Zhila-byla Odna Baba

 (2011; Russia; aka "There Was A Simple Woman")

by Johnny Web (Uncle Scoopy; Greg Wroblewski)

This film asks the question, "What was it like to be a Russian peasant woman in the Tambov region between 1909 and 1921?" and answers by showing that it sucked worse than just about anything else has ever sucked in human existence. In that time of troubles, Russia went through WW1, the overthrow of the Tsar, the Soviet-Polish war, and several years of civil war. The era was even more violent in the Tambov region, because the locals counter-revolted against the Bolsheviks, who then suppressed them mercilessly. The Bolsheviks' barbaric response to the Tambov Rebellion was a favorite subject of Solzhenitsyn.

Even when the villages were relatively unscathed by fighting, a woman's life could be an unremitting hell in those days. Married to a drunk, beaten, whipped, raped at the pleasure of her husband and his family, the "simple woman" in the film was a virtual slave. Life was miserable in summer, unbearable in winter. If she thought her existence couldn't get any worse, she was wrong. When the soldiers came, her life was pretty much non-stop rape, except for the occasional break for a beating or some starvation or the deaths of her children or for her home and village to be burned down.

And those were the good times.

In the film's climax, an entire village is destroyed by a flood.

This is pretty much the most depressing existence you will ever see on film. And - get this - the Russian Wikipedia page says (translated), "According to historians, the events in the film have a documentary basis, although in reality it was even worse." In other words, this film gave us the sugar-coated version of her existence. It's difficult for us in America to imagine how much worse it could have been.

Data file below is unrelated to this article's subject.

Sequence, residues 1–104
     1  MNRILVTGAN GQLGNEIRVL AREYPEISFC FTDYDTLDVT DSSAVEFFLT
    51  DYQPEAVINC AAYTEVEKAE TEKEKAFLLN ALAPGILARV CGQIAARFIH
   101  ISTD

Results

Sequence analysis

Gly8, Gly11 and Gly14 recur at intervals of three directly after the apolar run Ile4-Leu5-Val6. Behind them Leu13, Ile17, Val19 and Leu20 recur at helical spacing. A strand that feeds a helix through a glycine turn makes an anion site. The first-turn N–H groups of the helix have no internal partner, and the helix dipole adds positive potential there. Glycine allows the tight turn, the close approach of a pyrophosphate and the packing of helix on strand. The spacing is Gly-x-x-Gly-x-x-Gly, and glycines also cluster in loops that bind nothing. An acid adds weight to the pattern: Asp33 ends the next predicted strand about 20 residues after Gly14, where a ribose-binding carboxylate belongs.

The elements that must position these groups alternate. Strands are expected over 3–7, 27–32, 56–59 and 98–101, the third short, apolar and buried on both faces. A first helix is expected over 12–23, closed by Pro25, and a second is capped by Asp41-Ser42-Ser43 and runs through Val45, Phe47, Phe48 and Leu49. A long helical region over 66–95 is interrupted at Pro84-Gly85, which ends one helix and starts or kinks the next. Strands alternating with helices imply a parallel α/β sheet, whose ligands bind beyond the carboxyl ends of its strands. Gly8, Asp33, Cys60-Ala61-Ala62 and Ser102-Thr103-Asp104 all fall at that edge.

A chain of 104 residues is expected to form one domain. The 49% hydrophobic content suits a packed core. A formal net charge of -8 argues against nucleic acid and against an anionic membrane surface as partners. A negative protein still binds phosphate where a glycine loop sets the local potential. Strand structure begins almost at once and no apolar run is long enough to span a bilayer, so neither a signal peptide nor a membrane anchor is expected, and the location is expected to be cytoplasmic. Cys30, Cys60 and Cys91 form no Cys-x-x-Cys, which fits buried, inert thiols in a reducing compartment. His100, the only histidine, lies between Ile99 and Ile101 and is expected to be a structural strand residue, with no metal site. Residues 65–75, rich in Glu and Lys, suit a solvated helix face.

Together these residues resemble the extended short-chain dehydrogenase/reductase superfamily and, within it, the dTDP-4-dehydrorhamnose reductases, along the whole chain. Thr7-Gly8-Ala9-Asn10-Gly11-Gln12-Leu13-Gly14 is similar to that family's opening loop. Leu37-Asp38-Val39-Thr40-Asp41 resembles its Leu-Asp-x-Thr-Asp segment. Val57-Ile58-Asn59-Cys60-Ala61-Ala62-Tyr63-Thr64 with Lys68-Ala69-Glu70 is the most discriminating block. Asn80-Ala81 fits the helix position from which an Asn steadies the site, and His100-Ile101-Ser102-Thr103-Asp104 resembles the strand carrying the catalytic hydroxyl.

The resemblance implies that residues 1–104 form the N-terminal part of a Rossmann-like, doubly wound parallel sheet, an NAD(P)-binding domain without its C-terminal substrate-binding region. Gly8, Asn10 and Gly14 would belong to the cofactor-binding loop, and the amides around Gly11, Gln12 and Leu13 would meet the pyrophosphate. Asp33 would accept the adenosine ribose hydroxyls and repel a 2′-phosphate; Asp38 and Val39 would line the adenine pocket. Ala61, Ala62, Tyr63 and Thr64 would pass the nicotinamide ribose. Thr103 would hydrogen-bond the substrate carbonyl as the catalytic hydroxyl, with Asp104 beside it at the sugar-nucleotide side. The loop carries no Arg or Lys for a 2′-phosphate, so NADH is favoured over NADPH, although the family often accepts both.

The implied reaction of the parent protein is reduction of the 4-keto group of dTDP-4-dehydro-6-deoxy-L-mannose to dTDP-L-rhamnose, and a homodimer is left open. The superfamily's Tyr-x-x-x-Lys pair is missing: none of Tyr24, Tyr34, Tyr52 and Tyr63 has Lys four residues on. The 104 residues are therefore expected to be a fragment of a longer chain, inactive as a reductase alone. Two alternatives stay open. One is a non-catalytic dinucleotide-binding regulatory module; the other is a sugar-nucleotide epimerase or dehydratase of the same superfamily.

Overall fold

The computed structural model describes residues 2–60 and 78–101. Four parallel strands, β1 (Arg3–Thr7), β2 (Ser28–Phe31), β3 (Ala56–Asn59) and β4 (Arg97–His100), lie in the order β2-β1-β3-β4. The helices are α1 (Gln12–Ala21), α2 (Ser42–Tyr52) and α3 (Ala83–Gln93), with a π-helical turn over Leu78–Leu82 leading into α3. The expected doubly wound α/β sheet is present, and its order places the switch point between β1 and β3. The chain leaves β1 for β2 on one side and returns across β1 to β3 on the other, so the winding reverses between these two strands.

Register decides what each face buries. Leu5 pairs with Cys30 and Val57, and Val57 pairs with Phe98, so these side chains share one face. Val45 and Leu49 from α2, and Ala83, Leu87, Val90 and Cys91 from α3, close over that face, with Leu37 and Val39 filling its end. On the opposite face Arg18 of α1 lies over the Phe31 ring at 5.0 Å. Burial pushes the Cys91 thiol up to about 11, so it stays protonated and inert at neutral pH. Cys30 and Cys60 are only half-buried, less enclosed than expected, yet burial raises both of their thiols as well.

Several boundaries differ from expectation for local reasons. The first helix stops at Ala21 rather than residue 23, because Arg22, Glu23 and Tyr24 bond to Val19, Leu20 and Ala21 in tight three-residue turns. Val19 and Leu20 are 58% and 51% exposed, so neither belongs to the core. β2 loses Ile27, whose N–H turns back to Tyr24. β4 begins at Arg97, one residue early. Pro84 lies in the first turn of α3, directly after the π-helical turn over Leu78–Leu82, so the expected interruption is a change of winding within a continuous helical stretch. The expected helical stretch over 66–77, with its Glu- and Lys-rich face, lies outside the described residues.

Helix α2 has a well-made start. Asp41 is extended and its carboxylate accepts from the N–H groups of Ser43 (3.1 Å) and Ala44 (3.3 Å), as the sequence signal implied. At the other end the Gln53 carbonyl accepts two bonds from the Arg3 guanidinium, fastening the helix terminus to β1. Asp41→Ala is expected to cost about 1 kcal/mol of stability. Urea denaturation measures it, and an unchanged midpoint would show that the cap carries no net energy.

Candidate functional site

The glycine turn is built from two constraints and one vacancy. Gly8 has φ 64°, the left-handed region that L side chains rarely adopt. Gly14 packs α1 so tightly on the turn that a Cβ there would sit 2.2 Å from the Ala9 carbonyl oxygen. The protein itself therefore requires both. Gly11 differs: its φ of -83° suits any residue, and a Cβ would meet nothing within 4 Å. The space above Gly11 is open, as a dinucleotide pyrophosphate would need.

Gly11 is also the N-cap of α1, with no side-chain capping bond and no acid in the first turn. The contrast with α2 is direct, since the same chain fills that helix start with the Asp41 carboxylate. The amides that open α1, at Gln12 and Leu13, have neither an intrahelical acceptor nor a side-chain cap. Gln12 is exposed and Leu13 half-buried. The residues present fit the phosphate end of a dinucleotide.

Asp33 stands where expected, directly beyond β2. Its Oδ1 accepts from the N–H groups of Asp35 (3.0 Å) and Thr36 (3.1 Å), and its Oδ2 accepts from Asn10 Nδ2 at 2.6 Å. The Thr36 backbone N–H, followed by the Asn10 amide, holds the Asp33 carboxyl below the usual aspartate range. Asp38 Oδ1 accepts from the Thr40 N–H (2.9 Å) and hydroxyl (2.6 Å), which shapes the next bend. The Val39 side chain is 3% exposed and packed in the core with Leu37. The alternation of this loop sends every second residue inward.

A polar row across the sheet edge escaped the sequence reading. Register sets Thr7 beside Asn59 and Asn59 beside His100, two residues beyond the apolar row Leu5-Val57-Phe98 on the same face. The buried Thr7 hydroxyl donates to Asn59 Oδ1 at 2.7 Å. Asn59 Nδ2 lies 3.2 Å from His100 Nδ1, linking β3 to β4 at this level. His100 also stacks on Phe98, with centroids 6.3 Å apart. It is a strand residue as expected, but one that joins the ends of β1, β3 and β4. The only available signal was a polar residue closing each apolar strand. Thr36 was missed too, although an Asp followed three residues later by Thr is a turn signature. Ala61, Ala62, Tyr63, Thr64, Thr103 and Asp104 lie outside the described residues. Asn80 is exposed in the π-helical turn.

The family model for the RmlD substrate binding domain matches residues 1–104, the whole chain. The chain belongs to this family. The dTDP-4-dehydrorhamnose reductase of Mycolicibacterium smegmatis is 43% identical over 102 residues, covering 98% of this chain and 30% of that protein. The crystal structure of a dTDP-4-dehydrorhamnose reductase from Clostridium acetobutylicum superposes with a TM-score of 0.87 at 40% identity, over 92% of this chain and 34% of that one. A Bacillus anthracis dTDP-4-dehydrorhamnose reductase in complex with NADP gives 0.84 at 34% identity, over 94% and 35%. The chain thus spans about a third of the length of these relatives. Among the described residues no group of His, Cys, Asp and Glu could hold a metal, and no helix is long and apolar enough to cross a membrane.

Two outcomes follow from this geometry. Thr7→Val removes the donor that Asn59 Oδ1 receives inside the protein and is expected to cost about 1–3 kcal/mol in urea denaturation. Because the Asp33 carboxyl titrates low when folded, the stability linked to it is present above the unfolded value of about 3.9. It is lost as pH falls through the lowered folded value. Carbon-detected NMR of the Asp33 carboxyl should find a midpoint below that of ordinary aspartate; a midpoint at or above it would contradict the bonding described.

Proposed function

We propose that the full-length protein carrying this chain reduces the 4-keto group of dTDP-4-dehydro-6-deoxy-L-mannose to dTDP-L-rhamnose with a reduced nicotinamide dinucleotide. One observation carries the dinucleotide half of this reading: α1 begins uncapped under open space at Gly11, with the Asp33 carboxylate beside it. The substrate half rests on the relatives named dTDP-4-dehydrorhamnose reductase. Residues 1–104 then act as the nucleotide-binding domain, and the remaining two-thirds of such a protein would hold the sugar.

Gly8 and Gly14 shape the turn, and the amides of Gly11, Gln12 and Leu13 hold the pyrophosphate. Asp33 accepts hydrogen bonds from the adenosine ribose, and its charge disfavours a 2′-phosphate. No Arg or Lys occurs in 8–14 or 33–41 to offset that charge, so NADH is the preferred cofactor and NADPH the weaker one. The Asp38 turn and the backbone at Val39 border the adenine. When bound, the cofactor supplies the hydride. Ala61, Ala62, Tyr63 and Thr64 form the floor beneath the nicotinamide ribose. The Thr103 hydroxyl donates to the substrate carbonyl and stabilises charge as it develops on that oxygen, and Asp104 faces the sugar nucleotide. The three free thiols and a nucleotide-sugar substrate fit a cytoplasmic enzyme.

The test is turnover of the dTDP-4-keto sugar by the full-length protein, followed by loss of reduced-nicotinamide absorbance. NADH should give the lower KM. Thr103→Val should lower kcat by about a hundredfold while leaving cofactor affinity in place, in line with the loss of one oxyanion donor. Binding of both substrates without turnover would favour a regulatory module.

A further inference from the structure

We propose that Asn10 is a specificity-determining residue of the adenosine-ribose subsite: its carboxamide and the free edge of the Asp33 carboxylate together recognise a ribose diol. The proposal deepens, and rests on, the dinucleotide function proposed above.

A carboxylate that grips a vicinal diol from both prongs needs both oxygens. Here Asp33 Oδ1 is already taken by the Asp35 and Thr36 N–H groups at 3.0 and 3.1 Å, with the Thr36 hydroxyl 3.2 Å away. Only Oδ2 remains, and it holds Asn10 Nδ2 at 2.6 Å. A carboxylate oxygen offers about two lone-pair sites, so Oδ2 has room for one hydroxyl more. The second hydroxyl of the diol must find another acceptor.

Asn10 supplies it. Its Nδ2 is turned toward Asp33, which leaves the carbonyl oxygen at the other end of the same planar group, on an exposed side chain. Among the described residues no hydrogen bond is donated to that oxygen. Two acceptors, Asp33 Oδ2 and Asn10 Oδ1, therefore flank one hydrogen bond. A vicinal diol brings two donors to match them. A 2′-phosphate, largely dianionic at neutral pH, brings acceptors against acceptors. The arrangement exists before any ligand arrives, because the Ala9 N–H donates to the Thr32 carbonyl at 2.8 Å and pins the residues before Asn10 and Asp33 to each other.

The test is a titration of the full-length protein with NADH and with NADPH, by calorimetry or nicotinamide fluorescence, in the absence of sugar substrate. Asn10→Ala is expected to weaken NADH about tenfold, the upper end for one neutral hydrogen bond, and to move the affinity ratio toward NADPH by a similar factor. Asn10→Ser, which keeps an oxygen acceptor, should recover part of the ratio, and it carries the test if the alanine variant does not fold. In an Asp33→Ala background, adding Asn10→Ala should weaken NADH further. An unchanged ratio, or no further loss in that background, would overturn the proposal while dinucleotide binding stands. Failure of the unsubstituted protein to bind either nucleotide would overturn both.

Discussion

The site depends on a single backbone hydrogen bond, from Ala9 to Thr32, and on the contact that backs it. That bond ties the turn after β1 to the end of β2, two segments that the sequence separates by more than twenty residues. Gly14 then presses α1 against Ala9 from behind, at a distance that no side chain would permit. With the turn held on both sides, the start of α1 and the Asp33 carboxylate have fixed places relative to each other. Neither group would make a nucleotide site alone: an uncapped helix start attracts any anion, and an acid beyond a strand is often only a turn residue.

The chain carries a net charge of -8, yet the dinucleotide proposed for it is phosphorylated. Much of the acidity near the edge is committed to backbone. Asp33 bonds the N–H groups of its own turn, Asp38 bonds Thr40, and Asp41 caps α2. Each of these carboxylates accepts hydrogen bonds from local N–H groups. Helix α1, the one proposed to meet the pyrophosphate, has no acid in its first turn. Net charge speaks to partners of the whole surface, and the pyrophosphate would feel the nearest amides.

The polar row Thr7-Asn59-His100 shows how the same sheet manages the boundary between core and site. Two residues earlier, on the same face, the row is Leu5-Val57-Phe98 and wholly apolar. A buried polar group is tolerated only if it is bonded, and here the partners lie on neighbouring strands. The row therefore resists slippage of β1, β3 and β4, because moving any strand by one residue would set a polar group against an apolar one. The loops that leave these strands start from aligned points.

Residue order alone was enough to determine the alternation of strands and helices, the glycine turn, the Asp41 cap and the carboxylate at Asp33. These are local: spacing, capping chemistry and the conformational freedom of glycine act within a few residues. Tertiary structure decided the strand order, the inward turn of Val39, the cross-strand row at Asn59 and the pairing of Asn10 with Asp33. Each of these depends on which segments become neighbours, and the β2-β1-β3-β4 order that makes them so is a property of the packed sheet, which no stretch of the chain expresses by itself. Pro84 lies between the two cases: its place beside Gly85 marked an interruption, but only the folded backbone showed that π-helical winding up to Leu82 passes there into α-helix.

Writer/director Andrey Smirnov spent a good part of his adult life creating this 2011 film. His previous film came out in 1979, and he worked on this one intermittently from 1987 onward. He did a vast amount of research on the Tambov region of Russia, having visited the region several times to study the customs, culture and dialect of the local Mordva-Moksha people, a distinct ethnic group. He shot the entire film on location in the actual area where the action took place, but didn't take off the lens caps until he had made the principal actors live in the area long enough to learn to mimic the speech of the locals. One of the actors, who did not speak English, recalled that he once had to perform a role phonetically in English, and found that easier than performing in the local Tambov dialect, which is barely comprehensible to a speaker of standard Russian.

The director himself said, "Я думаю, это кино не для Запада." ("I don't think this film is for the West.") I'd say he's nailed that one, in the sense that Western audiences generally seek some elements of entertainment as the sweet juice necessary to swallow the bitter pill of an unpleasant history lesson. This film offers only the pill. I can't speak for the entire West, but I can say, "Я думаю, это кино не для меня."("It sure ain't for me, sparky.") I never became inured to the brutality in the film. It's an unpleasant and uncomfortable film to watch, and I wasn't especially interested in the obscure Tambov Rebellion in the first place. On the other hand, I was fascinated by the historically accurate portrayal of village life, especially of a wedding ceremony and the accompanying celebration. The cinematography in this film is dazzling, so the film may be fascinating if you want to learn about the customs and costumes of one part of rural Russia at the beginning of the 20th century, as portrayed by a man who spent a quarter of a century researching the details.

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6.9 IMDB summary (of 10)




  • Darya Yedamasova exposes everything multiple times.


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Our Grade:

If you are not familiar with our grading system, you need to read the explanation, because the grading is not linear. For example, by our definition, a C is solid and a C+ is a VERY good movie. There are very few Bs and As. Based on our descriptive system, this film is a:


Heartfelt, well-researched, and competent, but extremely unpleasant to watch.